In 1982 Bruce Springsteen made some rough recordings on a four-track in his New Jersey home. Those songs became his critically acclaimed album Nebraska. As its 30th anniversary nears, David Burke, the author of a new book about the album tells us what makes it so special.
2012 marks the 30th anniversary of Bruce Springsteen’s seminal album, Nebraska. Why so seminal? Well, for one because it changed many people’s perceptions – indeed preconceptions – of Springsteen as an American rock’n’roll archetype. Remember, he was once heralded as the future of rock’n’roll by Jon Landau, then Rolling Stone journalist, later Springsteen’s manager.
While earlier Springsteen albums, most notably Born To Run, found him working on a more expansive canvas with both words and music, Nebraska was, by comparison, a lesson in stark minimalism. It represented his apotheosis as a writer in tune with the American heartbeat, a writer who, like Woody Guthrie and John Steinbeck before him, recounted stories of the little people to reveal the awful truths about the big society in which they lived. On Nebraska, Springsteen the artist assumed the human responsibility to reflect what was happening around him.
In tune with the American heartbeat
In 1982, America, under the administration of former B-movie actor Ronald Reagan and his core policy of Reaganomics, was mired in the worst economic downturn since the Great Depression of the 1930s.
“The chief idea behind Reaganomics was that the wealthy and the corporations were taxed much too heavily,” according to Sean Wilentz, Princeton University historian and author of The Age of Reagan, in my book, Heart Of Darkness: Bruce Springsteen’s Nebraska.
Relieving the tax burden on the rich would lead to spectacular investment and growth, and narrow the federal deficit by increasing wealth that would compensate for the loss in federal revenues, with the benefits trickling down to ordinary Americans. At least that was the theory. But as Wilentz points out, inequality worsened.
The video, above, is of Springsteen performing the album’s title track. The song Nebraska is inspired by the real life case of Charles Starkweather who, with his then 14-year-old girlfriend, Caril Fugate, murdered 11 people in Nebraska and Wyoming during a two-month spree between late 1957 and early 1958. The case is also immortalised in Terrence Malick’s must-see film, Badlands.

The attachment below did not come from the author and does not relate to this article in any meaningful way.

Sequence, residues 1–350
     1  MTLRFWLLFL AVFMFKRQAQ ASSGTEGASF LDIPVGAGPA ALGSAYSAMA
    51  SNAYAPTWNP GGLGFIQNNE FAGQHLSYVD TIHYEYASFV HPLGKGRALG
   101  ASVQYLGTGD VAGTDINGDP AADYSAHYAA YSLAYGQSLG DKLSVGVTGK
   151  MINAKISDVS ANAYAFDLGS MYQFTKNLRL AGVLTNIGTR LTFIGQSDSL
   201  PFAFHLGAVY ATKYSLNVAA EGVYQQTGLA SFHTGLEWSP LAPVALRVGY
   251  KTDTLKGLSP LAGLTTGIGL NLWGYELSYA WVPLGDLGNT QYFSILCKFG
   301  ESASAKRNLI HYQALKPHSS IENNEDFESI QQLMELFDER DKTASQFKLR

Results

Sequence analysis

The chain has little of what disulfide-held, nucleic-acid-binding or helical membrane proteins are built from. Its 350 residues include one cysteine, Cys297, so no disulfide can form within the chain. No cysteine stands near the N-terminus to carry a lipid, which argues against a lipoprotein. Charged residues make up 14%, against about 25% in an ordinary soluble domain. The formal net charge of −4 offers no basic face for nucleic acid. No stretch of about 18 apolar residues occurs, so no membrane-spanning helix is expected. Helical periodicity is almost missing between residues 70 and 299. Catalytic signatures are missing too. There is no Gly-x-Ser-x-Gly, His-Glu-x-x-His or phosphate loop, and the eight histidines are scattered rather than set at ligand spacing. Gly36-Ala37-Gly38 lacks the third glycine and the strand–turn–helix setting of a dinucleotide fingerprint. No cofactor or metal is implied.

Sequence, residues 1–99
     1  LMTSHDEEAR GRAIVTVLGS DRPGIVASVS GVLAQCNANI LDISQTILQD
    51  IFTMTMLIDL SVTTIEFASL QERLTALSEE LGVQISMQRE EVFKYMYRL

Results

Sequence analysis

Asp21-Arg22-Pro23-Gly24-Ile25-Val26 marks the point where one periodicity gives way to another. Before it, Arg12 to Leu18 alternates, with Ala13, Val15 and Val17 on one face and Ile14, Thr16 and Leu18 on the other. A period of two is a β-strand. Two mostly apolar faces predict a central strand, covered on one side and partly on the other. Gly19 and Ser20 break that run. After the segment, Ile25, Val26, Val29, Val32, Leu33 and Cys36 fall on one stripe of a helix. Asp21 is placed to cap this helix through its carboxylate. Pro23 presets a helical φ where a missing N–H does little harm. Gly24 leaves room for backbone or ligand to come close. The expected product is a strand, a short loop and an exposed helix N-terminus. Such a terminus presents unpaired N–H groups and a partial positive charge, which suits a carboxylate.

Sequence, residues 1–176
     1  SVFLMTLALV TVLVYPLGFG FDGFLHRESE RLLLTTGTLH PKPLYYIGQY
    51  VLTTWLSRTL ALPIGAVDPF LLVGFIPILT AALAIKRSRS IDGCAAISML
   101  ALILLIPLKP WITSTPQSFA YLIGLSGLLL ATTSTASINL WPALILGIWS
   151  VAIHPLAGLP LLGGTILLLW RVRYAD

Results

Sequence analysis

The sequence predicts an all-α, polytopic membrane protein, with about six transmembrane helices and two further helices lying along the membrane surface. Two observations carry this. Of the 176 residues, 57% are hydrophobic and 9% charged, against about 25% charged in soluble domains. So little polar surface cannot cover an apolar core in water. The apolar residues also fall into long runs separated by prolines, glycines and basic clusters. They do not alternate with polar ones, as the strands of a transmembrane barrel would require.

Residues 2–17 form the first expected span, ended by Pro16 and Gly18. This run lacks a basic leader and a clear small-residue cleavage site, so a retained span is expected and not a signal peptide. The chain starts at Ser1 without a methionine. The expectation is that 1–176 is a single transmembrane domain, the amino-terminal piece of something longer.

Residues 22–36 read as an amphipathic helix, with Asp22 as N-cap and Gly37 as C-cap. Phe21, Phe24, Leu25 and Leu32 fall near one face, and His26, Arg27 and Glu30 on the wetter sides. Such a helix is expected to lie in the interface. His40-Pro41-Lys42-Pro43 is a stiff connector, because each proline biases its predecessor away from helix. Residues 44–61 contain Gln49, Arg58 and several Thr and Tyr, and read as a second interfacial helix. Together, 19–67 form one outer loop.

Springsteen, the product of a blue-collar upbringing in New Jersey, was, despite his fame and wealth, affected by the suffering of these “ordinary Americans”. For many, the American Dream had turned into an American Nightmare. They felt dislocated.
“The record was basically about people being isolated from their jobs, from their friends, from their families, their fathers, their mothers – just not feeling connected to anything that’s going on – your government,” Springsteen said.
Where the highway doesn’t lead to a better place
Nebraska is spooky in the way that any piece of work that stares into the abyss is spooky. It’s not an album for the apathetic or the lily livered. It’s not for those who hear music as a balm or want music to suspend grim reality. These are narratives in which we are pitched into a world of meanness, where protagonists are encumbered by “debts no honest man can pay”, where the highway doesn’t lead to a better place but goes straight to hell, where folk struggle to find reason to believe at the end of every hard-earned day.
Spooky too in the way Springsteen delivers the narratives. Recorded on a four-track at home, there’s nothing but voice, guitar, harmonica – a voice that sounds like no other Springsteen voice before or since. A voice that is undeniably his own, yes, but a voice that sings in the tongues of the characters that populate the songs. A voice that nails down madness, loneliness, disaffection, abasement and a whole bunch of other stuff that is mostly unpalatable to popular taste.
Nebraska is raw, primitive, ancient, other worldly, spiritual, nihilistic, heartbreaking and horrifying. And it was made, don’t forget, by someone who was regarded as a rock’n’roll messiah. It took some balls for Springsteen to defy the expectations foisted on him as a consequence of his success. He hung himself out there, he was prepared to run the risk of ruining his reputation and, something which probably didn’t thrill his management, damaging his bankability. But he had the courage of his conviction – his artistic conviction.
About the author and his new book
In Heart Of Darkness: Bruce Springsteen’s Nebraska, published by Cherry Red in October 2011, David Burke evaluates its American folk roots, places it in the context of Springsteen’s entire body of work and hears from a generation of artists who cite it as a huge influence. The book will be available from Amazon UK and US.
David is News Editor of bi-monthly roots music magazine, R2, formerly Rock’n’Reel.